Kentucky crop circles

Yikes! Came outside and found crop circles.

Not really! Just kidding, those are Painted Circles, done with an aerosol can of black paint and a 12" circle tool.

The rectangular outline is 4-1/2" x 5-1/2", which corresponds to the end size of three 2" x 6" pieces of dimension lumber - the size of our "posts".

The 2 holes correspond to the back side of a "post" and are used to measure and align jig.

To use it, first establish a "zero" point at one of the string corners and simply work from there by measuring the appropriate distance from post edge to post edge. Use a plumb bob along the string to ensure the back edge hole is at the proper distance from "zero" and drive a 6" spike into the ground. Set the jig over the head of the spike. Then plumb bob the front edge of the rectangle to ensure it's parallel with the string also.

Here's what it looks like with the circles done on one side. They really are in line, but the camera operator didn't get lined up, so the alignment isn't all that obvious.

Why go to all that trouble? Well, I've dug postholes "freehand", by eye before and usually there's one or two holes that are "off" and you've got to pull the pole out and dig again. This method should eliminate that kind of error.


Side View

Side view as submitted to Bldg Insp. One side will have an exterior walk door. But haven't figure out where exactly.


Front View

View from the front, more or less. Always subject to change!


Free delivery, but stack it yourself

I drove 65 miles to Flemingsburg on the 8th of June and purchased $2400 of lumber to begin the lower level. A.W. Graham delivered it that very afternoon. 65 miles, one way, and they didn't charge for delivery! Incredible.

We had to get it covered fairly quickly as storms were in the area. Rather than tarp it overnight and move it on the 9th, we decided to suck it up and move it all into the covered car port that day. Even though the wife had just returned from the dentist and some fairly serious dental work. She's tough, I tell you.

If there hadn't been the threat of rain, I would have taken my time and stacked in order of the build. But, with the rumble of thunder all around us, we just started moving lumber, with little thought of stacking in order. We started at 4:00 and by 7:30 had it stacked under the carport. The old man's muscles are still sore two days later!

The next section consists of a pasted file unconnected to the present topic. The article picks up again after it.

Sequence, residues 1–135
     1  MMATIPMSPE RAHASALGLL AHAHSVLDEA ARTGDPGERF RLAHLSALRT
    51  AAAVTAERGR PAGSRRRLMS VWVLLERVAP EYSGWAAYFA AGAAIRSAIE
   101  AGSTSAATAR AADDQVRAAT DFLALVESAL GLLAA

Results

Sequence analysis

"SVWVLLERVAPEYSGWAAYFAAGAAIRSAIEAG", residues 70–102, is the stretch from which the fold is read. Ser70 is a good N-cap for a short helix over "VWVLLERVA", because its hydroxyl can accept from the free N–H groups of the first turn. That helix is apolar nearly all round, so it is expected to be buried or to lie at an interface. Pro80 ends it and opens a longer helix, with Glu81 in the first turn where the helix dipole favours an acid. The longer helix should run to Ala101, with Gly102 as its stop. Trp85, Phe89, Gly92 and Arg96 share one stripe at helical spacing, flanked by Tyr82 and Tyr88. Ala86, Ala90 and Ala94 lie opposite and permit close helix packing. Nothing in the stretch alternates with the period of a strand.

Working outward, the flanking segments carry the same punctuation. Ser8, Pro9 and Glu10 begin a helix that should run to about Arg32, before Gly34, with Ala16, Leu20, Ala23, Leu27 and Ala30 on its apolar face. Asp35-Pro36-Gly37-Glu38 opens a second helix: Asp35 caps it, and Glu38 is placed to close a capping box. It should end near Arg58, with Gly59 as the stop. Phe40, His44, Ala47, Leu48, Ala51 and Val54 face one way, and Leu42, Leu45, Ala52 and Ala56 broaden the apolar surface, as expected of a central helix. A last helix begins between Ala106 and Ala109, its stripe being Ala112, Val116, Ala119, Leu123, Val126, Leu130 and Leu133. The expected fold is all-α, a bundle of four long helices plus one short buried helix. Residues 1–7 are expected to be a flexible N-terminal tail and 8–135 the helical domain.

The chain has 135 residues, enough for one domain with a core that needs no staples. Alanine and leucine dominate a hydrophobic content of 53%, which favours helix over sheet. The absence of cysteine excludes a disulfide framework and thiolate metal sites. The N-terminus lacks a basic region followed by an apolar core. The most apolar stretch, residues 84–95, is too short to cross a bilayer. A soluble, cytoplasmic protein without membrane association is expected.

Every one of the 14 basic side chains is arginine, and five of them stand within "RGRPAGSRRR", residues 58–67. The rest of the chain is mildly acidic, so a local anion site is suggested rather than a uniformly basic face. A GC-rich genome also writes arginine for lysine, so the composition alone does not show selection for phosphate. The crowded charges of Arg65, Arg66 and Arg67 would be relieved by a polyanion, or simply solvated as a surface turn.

Never, ever, say never

Well, after mulling it this way, then mulling t'other way.. hmmm... 9' centers for the columns. It finally dawned on me that at 6' o.c. there's just too many holes and too much lumber going into the ground. I still have to consider all that weight on 9' spans (top and bottom girts), but I'm cogitating a somewhat simple solution for that. More holes, but not 46" deep ones. Instead, approx. 8" x 10" x 30" holes in between the 9' o.c. columns and poured to grade with reinforced concrete. These "footers" will support the middle portion of the two bottom girts. Here's the latest side view.


The objective

We've decided to build a 20' x 36' garage. It will be a "hybrid" pole barn style. Three pieces of 2" x 6" x 12' ACQ (pressure treated) dimension lumber will be built up (laminated) to form 4 1/2" x 5 1/2" wood columns, 12' in length. We'll use construction adhesive between each piece and a combination of 4" galvanized screws and 20d nails, staggered 8" o.c. on each side to build the columns. We've used this method to build outbuildings in the past, and it ensures reasonably straight columns, plus single pieces of 2" x 6" lumber are easy to handle. Something that can't be said when wrestling solid sawn 4" x 6" or 6" x 6" treated posts. Also, invariably, treated lumber arrives from the yard wet and to ensure a straight board (or post) it must be stacked, ricked, and air dried for about 2 weeks before use or it tends to warp. In addition to the wrestling issue, 2" x 6" x 12' boards dry quicker than solid sawn posts.

The laminated columns will be placed in 12" x 46" holes and rest on 10" x 12" concrete "punch pads". The holes are then filled to grade with concrete. The columns along the sides will be set 6' o.c., with 2" x 10" ACQ double bottom girts, 2" x 10" double top girts, and 2" x 6" stud framing between the columns to form 2' bays for R-21 insulation batts. The 2x6 studs also facilitate window and door framing.

The 6' o.c. might seem extravagant, as normal spacing is 8'. But, I tend to overbuild, plus when we decided to go to a 36' length from our originally planned 32', I just couldn't seem to follow the "build in 4' or 8' divisions" principal without doing a 6' o.c. spacing. I certainly didn't want to space them 9'o.c.



Well, I've just about always lived in a house with a garage, either attached or not. Since moving into this small cottage-style house, we don't have one. Just a carport and that frustrates the dickens out of me. Yes, we've got 2 fairly large sheds in the back for storing our "stuff", but that just don't hack it for a tinkerer like myself. We've got this large empty lot next to us, so we finally decided that it'd be the perfect spot for a garage.